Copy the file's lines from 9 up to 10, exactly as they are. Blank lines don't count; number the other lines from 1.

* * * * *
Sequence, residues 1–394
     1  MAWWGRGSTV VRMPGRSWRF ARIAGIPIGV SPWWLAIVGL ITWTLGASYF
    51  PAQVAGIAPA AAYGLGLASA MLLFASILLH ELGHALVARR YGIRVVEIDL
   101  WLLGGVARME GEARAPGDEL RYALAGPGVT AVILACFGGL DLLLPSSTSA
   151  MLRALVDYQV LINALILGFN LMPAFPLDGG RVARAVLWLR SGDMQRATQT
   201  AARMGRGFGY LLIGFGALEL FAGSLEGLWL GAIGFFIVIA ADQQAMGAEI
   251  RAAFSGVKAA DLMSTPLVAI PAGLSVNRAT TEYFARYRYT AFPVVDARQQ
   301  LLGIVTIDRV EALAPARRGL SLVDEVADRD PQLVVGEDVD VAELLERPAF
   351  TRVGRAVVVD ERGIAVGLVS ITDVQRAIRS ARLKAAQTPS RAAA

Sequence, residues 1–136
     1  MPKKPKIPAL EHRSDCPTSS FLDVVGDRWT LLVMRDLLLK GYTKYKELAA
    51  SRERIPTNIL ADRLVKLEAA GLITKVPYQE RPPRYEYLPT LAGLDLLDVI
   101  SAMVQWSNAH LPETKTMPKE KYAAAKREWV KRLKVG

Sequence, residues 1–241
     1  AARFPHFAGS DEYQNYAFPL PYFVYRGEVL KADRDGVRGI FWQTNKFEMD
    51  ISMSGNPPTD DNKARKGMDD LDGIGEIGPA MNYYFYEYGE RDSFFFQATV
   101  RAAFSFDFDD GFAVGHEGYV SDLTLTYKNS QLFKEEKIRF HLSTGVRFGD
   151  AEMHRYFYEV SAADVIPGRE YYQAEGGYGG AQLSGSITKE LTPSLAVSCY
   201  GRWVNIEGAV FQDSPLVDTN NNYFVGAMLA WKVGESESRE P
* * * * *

   351  TRVGRAVVVD ERGIAVGLVS ITDVQRAIRS ARLKAAQTPS RAAA

Sequence, residues 1–136